Editorial: Rokita right to target forever chemicals


The (Anderson) Herald Bulletin

Most everyone can appreciate the convenience of waterproof and non-stick products.

But at what cost to public health and the environment?

Indiana Attorney General Todd Rokita has filed a lawsuit against 22 companies in the state that, allegedly, have tried to conceal their longtime use of “forever chemicals” and the potential cost to human health.

Defendants in the lawsuit include heavy hitters such as 3M Company, DuPont, Corteva, United Technologies and Carrier Global.

The lawsuit was filed in Shelby County because a 2022 probe at the Army Aviation Support Facility there linked forever chemical contamination to use of AFFF foam for firefighter training. The foam has also been linked to soil, sediment, surface water and groundwater contamination near fire training areas at Grissom Air Reserve Base and Fort Benjamin Harrison.

PFAS, or forever chemicals, have been directly connected to kidney cancer, organ dysfunction, endocrine system disruption, immune system suppression, reproductive abnormalities and childhood developmental issues.

Among other uses, forever chemicals render cookware non-stick and carpeting, clothing and cosmetics stain-resistant and waterproof.

Forever chemicals were first used in household products in the 1940s and over the past eight decades have seeped into our soil and water supplies — not to mention our bodies. The chemicals are now found in the blood of people and animals across the planet, as well as in the food supply and a wide array of consumer products.

Rokita maintains that some manufacturers in Indiana have used forever chemicals recklessly, flouting public health concerns.

The lawsuit contends that, while the companies “knew or should have known about the risks associated with PFAS-containing products, ”they marketed, sold and distributed contaminated products to Hoosiers “while concealing the dangers” and “affirmatively distorting and/or suppressing their knowledge and the scientific evidence linking their products to the unreasonable dangers those products pose.”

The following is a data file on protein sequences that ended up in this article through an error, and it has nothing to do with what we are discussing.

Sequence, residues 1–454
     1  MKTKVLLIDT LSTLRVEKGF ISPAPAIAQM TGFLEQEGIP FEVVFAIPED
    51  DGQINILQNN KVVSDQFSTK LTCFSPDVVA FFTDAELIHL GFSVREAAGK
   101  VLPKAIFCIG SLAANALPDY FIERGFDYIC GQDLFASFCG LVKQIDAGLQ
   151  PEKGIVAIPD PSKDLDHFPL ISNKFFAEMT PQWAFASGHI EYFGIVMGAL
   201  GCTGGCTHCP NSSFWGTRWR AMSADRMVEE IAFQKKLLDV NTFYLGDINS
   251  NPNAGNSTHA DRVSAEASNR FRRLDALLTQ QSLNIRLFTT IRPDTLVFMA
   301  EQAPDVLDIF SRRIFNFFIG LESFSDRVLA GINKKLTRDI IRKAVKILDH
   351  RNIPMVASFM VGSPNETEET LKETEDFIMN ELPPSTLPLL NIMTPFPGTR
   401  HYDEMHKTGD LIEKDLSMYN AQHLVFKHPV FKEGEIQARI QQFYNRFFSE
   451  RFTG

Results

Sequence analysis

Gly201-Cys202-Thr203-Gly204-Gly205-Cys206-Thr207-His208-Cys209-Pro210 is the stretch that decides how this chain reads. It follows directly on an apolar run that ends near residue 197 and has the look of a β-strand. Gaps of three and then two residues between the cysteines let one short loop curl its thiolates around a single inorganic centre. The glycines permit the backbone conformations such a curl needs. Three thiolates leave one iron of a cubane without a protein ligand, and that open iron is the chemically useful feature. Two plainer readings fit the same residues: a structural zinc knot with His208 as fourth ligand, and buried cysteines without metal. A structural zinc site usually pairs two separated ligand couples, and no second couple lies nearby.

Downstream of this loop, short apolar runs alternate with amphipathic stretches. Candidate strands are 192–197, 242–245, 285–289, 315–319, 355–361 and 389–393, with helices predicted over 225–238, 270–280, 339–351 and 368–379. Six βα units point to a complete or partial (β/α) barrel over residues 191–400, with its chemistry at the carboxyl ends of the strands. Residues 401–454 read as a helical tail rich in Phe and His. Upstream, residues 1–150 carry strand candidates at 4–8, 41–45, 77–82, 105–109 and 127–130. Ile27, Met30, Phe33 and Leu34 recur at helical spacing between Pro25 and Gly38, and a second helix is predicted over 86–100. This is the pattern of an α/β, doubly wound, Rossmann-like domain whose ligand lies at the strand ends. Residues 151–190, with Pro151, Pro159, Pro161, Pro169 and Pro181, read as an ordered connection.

Furthermore, Rokita says the companies violated state and federal environmental regulations and ran afoul of Indiana consumer protection laws.

Similar lawsuits are being filed in some other states in the aftermath of the Environmental Protection Agency’s recent establishment of new drinking water standards designed to limit exposure to forever chemicals.

The new EPA rule requires monitoring within five years of six different forever chemicals in public water systems and mitigation if the chemicals are found to be above the allowable level.

Indiana Department of Environmental Management public drinking water testing over the past few years has revealed forever chemicals levels that exceed the EPA’s health advisory in 24 counties: Bartholomew, Carroll, Cass, Clark, Crawford, Decatur, Elkhart, Floyd, Gibson, Harrison, Jackson, Jefferson, Johnson, Lake, LaPorte, Madison, Marion, Perry, Posey, Scott, St. Joseph, Sullivan, Vigo and Warrick.

Rokita’s office is targeting companies that not only used forever chemicals at “toxic levels” but hid internal research about harm to consumers.

Hoosiers have the right to know the environmental and public health costs of using products containing forever chemicals.

Rokita is doing the right thing by holding almost two dozen companies operating in Indiana accountable for hiding those costs, allegedly, in order to sell their products.